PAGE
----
Australia has an “enviable economic record” but its “lucky streak” could come to an end due to domestic infighting and an over-reliance on Chinese trade, according to a report published today.
- China is Australia’s largest buyer of iron ore, copper, wool and wine
- If China chooses to boycott Australia it would shake Australian livelihoods
- Political infighting and a revolving door of PMs has become a cause for concern
The report, written by The Economist’s Asia editor Edward McBride, says Australia has one of the “world’s top economies” based on its steady economic growth and relative resilience during two financial crises.
It adds that no other wealthy country has had comparative economic growth when looking at the stable increase of wages in contrast to widespread global wage stagnation.
McBride attributes this to reforms made 30 years ago by former prime ministers Bob Hawke and Paul Keating — who floated the Australian dollar and deregulated the financial sectors — as well as the more recent diversification of the economy at the end of the resource boom.
Speaking to the ABC, McBride said Australia’s 27 years without a recession and affordable health care and pensions were some of the key reasons for Australia’s position.
However, the report says Australia’s reliance on Chinese trade, as well as domestic infighting, has the potential to destabilise policies which have underpinned the country’s economic success.
A Beijing boycott would shake Australian livelihoods
China is Australia’s largest bilateral trading partner with imports and exports worth some $183 billion last year, according to the Australian Trade and Investment Commission.
The second biggest trading partner is now Japan at $71 billion after it took over the United States last year.
But China is Australia’s largest buyer of iron ore, copper, wool and wine, and it also provides 16 per cent of Australia’s tourists.
In his report, McBride says a potential economic boycott by Beijing could have a significant impact on Australia.
“Should Chinese tourists disappear, or Chinese drinkers stop slurping Australian wine, many Australians would lose their livelihood,” he writes.
A boycott situation would not be beyond the realms of possibility as similar events have happened in the past. Last year Beijing orchestrated a boycott against South Korea due to Seoul’s decision to allow the installation of an American anti-missile system.
However, Hans Hendrischke, a professor of Chinese business at the University of Sydney, said the trade relationship was reciprocal.
“The problem with this scenario is that any unilateral reduction of trade links between China and Australia would cause immediate economic harm for no as of yet evident political benefit,” he said, adding both sides provide goods and services the other does not have.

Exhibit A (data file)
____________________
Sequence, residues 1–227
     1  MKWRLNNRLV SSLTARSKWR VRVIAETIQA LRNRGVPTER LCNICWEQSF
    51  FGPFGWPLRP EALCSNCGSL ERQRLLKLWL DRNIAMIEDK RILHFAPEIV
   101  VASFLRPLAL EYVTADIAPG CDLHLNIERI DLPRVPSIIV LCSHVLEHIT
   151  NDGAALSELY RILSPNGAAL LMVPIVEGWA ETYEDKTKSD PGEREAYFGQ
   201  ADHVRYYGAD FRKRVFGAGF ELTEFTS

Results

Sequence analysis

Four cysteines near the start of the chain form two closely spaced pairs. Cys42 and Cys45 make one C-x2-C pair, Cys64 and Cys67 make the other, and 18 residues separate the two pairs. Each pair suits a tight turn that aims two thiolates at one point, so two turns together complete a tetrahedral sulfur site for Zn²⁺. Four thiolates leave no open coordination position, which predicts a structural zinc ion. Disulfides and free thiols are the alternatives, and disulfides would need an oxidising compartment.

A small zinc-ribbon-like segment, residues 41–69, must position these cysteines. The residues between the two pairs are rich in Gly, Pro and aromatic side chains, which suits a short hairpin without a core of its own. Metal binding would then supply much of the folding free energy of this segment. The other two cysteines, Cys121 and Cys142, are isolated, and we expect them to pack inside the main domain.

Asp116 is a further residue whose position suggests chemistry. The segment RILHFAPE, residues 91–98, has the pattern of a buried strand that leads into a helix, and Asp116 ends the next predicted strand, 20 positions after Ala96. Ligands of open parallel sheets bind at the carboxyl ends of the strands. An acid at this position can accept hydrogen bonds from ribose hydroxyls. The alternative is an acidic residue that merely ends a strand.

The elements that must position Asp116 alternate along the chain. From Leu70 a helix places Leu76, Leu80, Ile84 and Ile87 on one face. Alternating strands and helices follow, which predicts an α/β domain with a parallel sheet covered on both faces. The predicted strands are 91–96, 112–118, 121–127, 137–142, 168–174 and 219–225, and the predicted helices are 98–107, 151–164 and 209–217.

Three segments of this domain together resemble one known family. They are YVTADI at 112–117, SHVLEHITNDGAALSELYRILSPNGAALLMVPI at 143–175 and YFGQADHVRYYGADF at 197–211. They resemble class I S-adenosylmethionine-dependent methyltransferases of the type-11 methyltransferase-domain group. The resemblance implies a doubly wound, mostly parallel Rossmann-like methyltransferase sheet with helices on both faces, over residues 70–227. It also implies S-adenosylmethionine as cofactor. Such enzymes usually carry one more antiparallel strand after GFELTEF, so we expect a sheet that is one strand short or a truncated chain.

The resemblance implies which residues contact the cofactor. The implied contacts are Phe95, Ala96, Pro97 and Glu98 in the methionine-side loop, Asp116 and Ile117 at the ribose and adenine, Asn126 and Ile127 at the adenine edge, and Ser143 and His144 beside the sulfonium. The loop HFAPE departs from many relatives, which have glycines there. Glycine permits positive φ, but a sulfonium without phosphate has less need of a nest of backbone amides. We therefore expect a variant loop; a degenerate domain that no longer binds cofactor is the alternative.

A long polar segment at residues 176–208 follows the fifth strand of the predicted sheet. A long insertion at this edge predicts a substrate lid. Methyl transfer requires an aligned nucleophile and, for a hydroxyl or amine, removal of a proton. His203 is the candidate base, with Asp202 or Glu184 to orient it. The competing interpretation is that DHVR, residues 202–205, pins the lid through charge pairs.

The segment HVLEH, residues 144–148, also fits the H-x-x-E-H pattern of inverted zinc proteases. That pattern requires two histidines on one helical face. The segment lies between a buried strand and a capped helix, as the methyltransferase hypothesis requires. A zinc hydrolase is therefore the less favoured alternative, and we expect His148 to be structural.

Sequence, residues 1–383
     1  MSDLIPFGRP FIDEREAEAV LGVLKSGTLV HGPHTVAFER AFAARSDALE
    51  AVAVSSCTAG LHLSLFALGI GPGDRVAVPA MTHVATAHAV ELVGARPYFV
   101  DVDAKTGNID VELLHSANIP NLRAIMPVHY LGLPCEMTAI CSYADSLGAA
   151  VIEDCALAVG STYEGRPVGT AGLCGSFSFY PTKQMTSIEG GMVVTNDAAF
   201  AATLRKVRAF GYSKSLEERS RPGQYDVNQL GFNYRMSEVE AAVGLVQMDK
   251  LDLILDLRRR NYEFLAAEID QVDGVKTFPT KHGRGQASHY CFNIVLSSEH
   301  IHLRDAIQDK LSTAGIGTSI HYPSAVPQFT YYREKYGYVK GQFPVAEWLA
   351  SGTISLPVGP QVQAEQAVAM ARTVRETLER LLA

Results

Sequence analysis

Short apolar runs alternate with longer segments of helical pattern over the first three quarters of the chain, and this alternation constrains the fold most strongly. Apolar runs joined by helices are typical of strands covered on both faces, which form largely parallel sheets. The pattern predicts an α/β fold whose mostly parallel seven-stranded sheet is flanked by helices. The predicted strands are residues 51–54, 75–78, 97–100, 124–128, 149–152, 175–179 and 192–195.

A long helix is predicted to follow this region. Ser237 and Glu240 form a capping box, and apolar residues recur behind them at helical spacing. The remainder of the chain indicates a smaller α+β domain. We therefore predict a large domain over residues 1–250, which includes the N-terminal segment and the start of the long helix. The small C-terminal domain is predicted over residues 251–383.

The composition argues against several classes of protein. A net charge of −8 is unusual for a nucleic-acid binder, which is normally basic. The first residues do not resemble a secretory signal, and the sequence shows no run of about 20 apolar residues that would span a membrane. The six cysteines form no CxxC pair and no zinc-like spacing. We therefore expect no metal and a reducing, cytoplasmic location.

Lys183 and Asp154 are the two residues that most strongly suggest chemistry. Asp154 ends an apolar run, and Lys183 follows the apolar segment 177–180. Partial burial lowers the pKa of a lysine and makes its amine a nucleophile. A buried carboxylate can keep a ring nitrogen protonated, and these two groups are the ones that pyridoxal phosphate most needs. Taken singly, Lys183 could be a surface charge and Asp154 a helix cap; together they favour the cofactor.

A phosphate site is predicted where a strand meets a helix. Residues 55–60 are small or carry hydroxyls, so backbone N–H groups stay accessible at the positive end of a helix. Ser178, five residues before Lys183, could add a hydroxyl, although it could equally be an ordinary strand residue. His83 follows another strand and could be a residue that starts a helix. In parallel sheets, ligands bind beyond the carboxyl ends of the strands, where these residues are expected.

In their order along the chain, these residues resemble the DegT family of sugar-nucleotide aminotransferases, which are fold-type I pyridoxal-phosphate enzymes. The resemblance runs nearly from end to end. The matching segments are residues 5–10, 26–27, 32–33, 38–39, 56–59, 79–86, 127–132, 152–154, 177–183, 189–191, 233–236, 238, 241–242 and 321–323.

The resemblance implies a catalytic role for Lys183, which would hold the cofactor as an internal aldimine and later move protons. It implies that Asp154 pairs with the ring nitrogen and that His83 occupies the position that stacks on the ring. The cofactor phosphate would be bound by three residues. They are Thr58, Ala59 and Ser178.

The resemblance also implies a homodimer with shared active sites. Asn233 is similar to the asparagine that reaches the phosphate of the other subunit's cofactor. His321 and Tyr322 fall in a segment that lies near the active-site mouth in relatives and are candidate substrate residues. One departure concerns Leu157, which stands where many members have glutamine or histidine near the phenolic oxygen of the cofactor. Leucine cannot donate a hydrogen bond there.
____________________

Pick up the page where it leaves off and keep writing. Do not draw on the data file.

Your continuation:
Minister for Trade Tourism and Investment Simon Birmingham told the ABC Australia would continue to support the multilateral trading system, and it was “opening new doors” for Australian businesses through trade deals with Indonesia, Hong Kong, and the European Union.
“We have strong trade and investment ties with China, the United States, and many other countries,” he said in a statement.
“I continue to urge all parties to respect the long established rules of international trade and to avoid action that could ultimately damage their economies and those of other nations.”
Domestic politics ‘a cause for concern’
(ABC News: Matt Roberts)
In another key finding, the report says while the Australian economy “is without equal in the rich world … its [domestic] politics are a cause for concern”.
But the infighting within Australian political parties has impacted businesses to the point of being a cause for concern not only for the economy, but also for diplomatic relations.
The report says Australia’s recent fast turnover of prime ministers has created feelings of disillusionment towards future policies.
“That is especially alarming because the trend of rising incomes which marks Australia out from the rest of the rich world is running out of steam, and the consensus around policies that underpinned it, such as openness to immigration, is eroding,” the report says.
If politicians do not sort themselves out, the report adds, Australia risks becoming as troubled as everywhere else.
“I’m surprised by how few Australians seem to realise how much their country stands out, not just in terms of how long it has gone without a recession, but also in terms of income growth, immigration and economic reform,” McBride said.
“It’s an amazing record, and one that is important not to jeopardise.”
By Tasha Wibawa